limits on both biological and abiological pattern generation is incomplete, making it difficult to understand the dimensions of the “gray zone” of overlap. Recognition of biological pattern in extraterrestrial samples will require the identification of structures or molecules that reside in the biological field, but not in the zone of overlap. On the other hand, there is no assurance that terrestrial life exhausts the possibilities of biological pattern generation; therefore, knowing the limits of pattern formation by physical processes may provide the best yardstick for evaluating martian or other extraterrestrial samples. Dr. Benner suggested an alternative depiction of the Venn diagram in which the biological field is completely encompassed within the physical field—the point being that biological processes are a subset of a larger and more inclusive set of physical processes. As a depiction of process, this view is unimpeachable; nevertheless, the patterns generated by biological processes include structures and molecules not known to form under strictly physical conditions. Bones, radiolaria, and red algal thalli are examples of biologically diagnostic morphologies; cholesterol is a biologically diagnostic molecule.

Lessons from Earth

Panel 3 members agreed that our collective experience with Earth's geological record provides an important guide to fossil recognition and interpretation on Mars. Dr. Farmer demonstrated that processes of mineral precipitation can preserve biologically interpretable microfossils and sedimentary fabrics. This increasing knowledge of fossilization processes not only sheds light on the postmortem information loss that attends fossilization, but also focuses attention on martian environments most likely to preserve a biological record. Preservation of terrestrial remains is selective, with some organisms—and some parts of organisms—more likely to escape decay than others. During fossilization, cells can also shrivel or collapse, resulting in fossils that are much smaller than the organisms from which they are derived.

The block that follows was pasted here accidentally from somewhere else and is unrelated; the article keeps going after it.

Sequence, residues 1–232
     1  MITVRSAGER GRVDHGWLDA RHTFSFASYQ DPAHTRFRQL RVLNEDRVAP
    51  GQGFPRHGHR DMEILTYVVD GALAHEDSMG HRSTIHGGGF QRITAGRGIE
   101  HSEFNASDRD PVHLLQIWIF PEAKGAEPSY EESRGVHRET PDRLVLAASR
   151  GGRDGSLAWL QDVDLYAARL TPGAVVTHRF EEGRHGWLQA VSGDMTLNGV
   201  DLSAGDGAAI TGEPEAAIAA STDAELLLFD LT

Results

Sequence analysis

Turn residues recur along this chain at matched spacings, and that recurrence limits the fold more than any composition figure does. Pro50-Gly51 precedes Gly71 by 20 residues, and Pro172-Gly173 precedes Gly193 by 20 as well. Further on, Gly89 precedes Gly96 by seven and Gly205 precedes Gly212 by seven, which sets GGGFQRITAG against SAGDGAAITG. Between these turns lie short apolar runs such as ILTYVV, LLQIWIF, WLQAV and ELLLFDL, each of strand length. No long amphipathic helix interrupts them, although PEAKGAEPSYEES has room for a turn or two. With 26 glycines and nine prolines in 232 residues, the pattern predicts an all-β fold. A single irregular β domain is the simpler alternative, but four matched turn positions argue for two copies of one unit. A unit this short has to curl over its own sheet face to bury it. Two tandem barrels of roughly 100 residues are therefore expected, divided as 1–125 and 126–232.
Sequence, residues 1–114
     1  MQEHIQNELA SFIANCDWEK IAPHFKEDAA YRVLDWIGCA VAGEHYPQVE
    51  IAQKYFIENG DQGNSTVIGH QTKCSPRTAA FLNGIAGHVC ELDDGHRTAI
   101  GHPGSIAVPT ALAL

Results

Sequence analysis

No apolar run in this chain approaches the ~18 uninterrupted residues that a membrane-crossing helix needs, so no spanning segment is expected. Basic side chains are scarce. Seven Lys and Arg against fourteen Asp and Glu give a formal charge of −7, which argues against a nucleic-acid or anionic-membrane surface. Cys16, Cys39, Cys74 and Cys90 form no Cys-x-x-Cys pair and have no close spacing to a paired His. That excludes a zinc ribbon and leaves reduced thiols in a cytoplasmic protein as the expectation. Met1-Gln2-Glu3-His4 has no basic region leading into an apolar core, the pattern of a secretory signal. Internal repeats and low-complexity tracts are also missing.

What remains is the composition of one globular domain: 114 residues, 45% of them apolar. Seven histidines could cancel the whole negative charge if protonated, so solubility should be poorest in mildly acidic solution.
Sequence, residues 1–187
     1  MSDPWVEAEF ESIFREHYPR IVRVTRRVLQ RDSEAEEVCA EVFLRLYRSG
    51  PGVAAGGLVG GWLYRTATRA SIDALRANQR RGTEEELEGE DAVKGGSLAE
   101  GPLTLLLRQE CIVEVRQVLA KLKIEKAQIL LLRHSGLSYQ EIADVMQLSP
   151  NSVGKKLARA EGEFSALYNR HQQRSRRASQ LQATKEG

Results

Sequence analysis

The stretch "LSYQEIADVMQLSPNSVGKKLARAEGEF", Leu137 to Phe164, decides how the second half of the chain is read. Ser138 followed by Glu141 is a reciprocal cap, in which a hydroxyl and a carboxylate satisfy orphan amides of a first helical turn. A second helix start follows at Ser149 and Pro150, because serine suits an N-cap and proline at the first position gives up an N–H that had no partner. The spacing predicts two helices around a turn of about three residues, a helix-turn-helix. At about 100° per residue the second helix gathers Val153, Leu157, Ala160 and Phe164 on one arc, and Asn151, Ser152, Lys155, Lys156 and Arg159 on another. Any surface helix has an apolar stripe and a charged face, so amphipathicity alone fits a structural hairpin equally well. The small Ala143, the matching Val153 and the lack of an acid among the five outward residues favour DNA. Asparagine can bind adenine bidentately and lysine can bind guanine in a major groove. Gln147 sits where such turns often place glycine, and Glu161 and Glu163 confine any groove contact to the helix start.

Dr. Schopf summarized experience in interpreting Earth's early fossil record, stressing the early phase of discovery, when reports of objects that proved to be abiological outnumbered those of genuine fossils. Not everything that is small and round is biological, and the rigorous criteria for biogenicity developed over the past three decades by paleontologists can be useful in the evaluation of extraterrestrial microstructures. Dr. Schopf emphasized the need to conduct interdisciplinary studies of petrology, micropaleontology, isotopic geochemistry, and molecular organic geochemistry, developing multiple lines of evidence for interpreting potentially biological patterns.

Although most of Panel 3's discussion focused on micron-scale structures, the distinctive macroscopic structures known as stromatolites were also considered. Stromatolites are laminated structures found in chemical sedimentary rocks, especially but not exclusively carbonate rocks. These structures, which can be flat-laminated, domal, columnar, or conical, are commonly interpreted as the products of sediment trapping, binding, and/or precipitation by microbial communities; however, it is apparent that comparable structures can be generated without the need for microbial templates. Indeed, such structures actually occur in the early geological record. This being the case, images of laminated precipitates that may be transmitted by a Mars rover cannot be construed as unambiguous evidence for biological activity (Farmer, Knoll). Micro- and mesoscale fabric studies on returned samples will be necessary to confirm or reject hypotheses of biological origin. Dr. Farmer suggested that specific microscopic textures may provide the biological fingerprint needed to be confident of stromatolite biogenicity in the terrestrial or martian rock record.

Dr. Bradley focused attention on abiologial pattern formation, suggesting that non-biological processes may be sufficient to explain a number of micro- and nanoscale features sometimes interpreted as biological, including those reported from Mars meteorite ALH84001. Dr. McKay vigorously disputed

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